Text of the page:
Something which is exercising my curiosity is the possibility of making salves with animal fats. Apparently, lard is the best medium for complete absorption of herbs through the skin. I've always wanted to try it and was encouraged last year when some lard I'd strained off our 10lb Boxing Day roast stayed good for around 11 months in the larder. Unfortunately I just left it there and didn't do anything constructive with it!
There was a superb blog posting about rendering lard by an American herbwife called plantainpatch, but she has recently ditched her blog, so I can't link to it any more.
Zoe Hawes, down in Bath, has said she is going to use lard in her salves made from her home grown pigs, but I don't know how she has got on.
Today I was wandering in blog land and came across this NZ blogster who has also posted about making herbal salves from animal fats. http://www.myherbcorner.com/wiki/index.php?title=Salve
The lady is originally from Germany and has given her great grandmother's reference book "Taschenbuch der Heilpflanzen, 13. Auflage, 1913,Verlag von J.F. Schreiber, Esslingen und Muenchen, Seite 17".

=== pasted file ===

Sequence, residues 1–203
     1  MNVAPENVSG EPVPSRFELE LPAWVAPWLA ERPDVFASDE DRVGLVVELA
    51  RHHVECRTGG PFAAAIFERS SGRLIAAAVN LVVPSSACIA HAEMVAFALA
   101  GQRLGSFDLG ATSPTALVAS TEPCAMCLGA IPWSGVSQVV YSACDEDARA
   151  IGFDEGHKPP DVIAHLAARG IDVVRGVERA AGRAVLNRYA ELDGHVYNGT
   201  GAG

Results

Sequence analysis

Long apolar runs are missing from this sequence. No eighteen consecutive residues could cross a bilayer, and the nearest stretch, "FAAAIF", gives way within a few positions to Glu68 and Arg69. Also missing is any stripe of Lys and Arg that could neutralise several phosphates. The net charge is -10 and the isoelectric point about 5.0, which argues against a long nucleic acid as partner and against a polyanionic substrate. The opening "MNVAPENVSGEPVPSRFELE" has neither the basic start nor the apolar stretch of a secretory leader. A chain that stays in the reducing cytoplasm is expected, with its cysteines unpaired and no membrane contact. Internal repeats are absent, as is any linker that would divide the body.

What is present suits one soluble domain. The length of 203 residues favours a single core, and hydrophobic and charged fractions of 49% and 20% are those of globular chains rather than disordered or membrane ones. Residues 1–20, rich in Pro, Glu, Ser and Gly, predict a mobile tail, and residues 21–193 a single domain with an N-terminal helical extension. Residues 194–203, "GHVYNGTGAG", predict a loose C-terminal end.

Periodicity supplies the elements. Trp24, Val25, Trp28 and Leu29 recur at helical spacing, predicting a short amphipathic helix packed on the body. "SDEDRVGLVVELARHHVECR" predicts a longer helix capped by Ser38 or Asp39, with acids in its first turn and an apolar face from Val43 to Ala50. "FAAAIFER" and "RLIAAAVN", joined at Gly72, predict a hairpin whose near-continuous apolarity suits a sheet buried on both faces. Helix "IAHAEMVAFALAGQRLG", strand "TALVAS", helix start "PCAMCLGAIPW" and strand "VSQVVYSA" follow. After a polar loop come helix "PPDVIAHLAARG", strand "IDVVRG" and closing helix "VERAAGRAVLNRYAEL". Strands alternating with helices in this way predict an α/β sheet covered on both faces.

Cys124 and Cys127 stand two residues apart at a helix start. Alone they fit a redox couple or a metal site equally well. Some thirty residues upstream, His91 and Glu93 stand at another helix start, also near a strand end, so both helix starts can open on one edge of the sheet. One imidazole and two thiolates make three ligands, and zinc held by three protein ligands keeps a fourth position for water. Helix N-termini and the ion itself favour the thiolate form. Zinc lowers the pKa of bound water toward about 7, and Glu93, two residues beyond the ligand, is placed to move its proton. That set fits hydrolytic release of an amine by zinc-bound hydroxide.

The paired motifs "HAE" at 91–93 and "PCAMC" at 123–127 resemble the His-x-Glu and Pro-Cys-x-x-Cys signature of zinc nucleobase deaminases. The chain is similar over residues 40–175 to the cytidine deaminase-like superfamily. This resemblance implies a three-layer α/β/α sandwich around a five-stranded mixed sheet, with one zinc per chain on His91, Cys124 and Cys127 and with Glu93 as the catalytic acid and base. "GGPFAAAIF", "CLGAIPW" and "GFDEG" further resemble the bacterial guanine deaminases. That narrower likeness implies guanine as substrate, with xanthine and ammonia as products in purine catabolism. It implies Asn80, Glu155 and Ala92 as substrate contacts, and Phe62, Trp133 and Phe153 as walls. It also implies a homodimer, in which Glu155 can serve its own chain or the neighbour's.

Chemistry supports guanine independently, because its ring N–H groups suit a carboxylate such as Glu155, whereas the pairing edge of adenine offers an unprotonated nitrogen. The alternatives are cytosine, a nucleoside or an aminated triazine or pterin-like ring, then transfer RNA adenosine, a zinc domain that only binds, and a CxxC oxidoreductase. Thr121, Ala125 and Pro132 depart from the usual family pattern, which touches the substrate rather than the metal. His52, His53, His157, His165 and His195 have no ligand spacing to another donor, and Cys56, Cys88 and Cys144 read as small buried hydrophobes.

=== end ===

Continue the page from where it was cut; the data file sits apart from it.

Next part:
I thought our historical bloodhounds might like to see if this was ever translated into English because the methods given are not something I have ever come across.
a) Melt 10 parts lard with 3 parts beeswax on low heat and let cool again. Now stir in 2 parts herb oil. This keeps for more then a year.
b) Mix 1 tsp fresh juiced herb with 2 tsp pig lard. Melt and keep on low heat until all liquid is dissolved. Now strain the warm liquid and let cool in a small jar. Store up to half a year.
c) Grind 1 part dried herb in a mortar. Then give it to 5 parts lard and melt it on low heat. Add 1-2 parts beeswax if you wish.
She also gives a recipe for using butter, which must be close to the Ayuvedic method of using ghee for many preparations.
"Mix 4-6 g fresh plant juice (eg: calendula, watercress...) with 30 g unsalted butter.
Good thing with herb butter is, that you can eat it if you don't need the whole for wounds or other treatments,
Ref: Taschenbuch der Heilpflanzen, 13. Auflage, 1913,Verlag von J.F. Schreiber, Esslingen und Muenchen, Seite 17 "
She also cites a recipe from a German Time Life magazine which uses tincture, oil and salve mixed altogether which looks very fiddly and time-consuming on first appearance, so I won't be attempting it for a while.
I wondered if anyone here had tried making salves with lard and how they had been received.